cat /vmfs/volumes/LOCAL_ATTACHED/esxtop/$HOSTNAME_$dm1.csv | cut -d “,” -f 1,`head -1 /vmfs/volumes/LOCAL_ATTACHED/esxtop/$HOSTNAME_$dm1.csv | tr “,” “\12” | egrep -n “\\\\\Memory\\\\\Free MBytes|Physical Disk\(vmhba1\)\\\\\Reads/sec|Physical Disk\(vmhba1\)\\\\\Writes/sec|Physical Disk\(vmhba1\)\\\\\MBytes Written|Physical Disk\(vmhba1\)\\\\\MBytes Read|\\\\\Physical Disk\(vmhba2\)\\\\\Reads/sec|Physical Disk\(vmhba2\)\\\\\Writes/sec|Physical Disk\(vmhba2\)\\\\\MBytes Written|Physical Disk\(vmhba2\)\\\\\MBytes Read |Physical Disk\(vmhba2\)\\\\\Commands/sec|Physical Disk\(vmhba1\)\\\\\Commands/sec|Physical Cpu\(_Total\)” | cut -d “:” -f 1 | tr “\12” “,”` > /vmfs/volumes/LOCAL_ATTACHED/esxtop/trim_$HOSTNAME_$dm1.csv

sed -i”.bak” “2d” /vmfs/volumes/LOCAL_ATTACHED/esxtop/trim_$HOSTNAME_$dm1.csv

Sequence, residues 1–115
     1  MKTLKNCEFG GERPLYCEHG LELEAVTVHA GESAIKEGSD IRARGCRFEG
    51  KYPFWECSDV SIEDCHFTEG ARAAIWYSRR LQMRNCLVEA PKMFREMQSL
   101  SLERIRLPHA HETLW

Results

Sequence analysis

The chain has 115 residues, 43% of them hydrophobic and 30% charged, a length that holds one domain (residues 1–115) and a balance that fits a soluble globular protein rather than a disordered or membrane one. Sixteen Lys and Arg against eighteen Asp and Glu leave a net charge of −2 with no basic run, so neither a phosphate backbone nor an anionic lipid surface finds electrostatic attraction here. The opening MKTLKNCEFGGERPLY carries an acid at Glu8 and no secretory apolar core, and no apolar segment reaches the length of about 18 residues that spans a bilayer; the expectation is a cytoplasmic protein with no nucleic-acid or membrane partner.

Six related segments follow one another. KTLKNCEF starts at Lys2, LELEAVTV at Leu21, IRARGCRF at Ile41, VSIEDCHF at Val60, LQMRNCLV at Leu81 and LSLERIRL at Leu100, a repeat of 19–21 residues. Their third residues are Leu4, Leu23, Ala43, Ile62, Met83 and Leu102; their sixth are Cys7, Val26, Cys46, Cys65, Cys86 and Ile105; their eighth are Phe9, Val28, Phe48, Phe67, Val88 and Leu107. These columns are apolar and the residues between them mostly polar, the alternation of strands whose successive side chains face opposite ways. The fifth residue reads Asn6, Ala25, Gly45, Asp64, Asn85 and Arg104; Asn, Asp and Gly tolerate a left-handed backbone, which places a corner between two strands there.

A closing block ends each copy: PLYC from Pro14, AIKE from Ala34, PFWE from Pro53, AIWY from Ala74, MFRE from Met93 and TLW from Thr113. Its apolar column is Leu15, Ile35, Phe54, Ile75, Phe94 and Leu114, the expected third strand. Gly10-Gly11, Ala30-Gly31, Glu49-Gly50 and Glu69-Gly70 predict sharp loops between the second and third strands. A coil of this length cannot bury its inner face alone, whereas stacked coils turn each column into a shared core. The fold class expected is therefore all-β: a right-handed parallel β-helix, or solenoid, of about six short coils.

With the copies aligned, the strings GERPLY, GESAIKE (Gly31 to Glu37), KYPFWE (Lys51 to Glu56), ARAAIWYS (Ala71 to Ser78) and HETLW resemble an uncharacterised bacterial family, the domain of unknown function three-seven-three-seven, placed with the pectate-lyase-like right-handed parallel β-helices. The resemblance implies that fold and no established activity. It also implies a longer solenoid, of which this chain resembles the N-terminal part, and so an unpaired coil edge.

rm /vmfs/volumes/LOCAL_ATTACHED/esxtop/trim_$HOSTNAME_$dm1.csv.bak -f
rm /vmfs/volumes/LOCAL_ATTACHED/esxtop/$HOSTNAME_$dm1.csv -f
mv /vmfs/volumes/LOCAL_ATTACHED/esxtop/trim_$HOSTNAME_$dm1.csv /vmfs/volumes/LOCAL_ATTACHED/esxtop/$HOSTNAME_$dm1.csv


# Connect to FTP Server
ftp -inv $HOST << EOF
user $USER $PASS
lcd /vmfs/volumes/LOCAL_ATTACHED/esxtop
put $HOSTNAME_$dm1.csv

# GZIP and archive stats
gzip /vmfs/volumes/LOCAL_ATTACHED/esxtop/$HOSTNAME_$dm1.csv
mv /vmfs/volumes/LOCAL_ATTACHED/esxtop/$HOSTNAME_$dm1.csv.gz /vmfs/volumes/LOCAL_ATTACHED/esxtop/archive/

Secondly create the ‘capturestats.sh‘ script which will launch esxtop and capture the statistics you require. Again, modify the text in RED to suit you environment. This script will capture stats every 60 seconds 1439 times – there are 1440 minutes in a day, and we want the script to start again at midbight, so thisscript will run 00:00 to 23:59.

# capture.sh
today=$(date +%Y-%m-%d)
# There are 1440 minutes in a day, we want to capture 00:00 > 23:59 so we’ll specify 1439 captures at 60 second intervals.
esxtop >>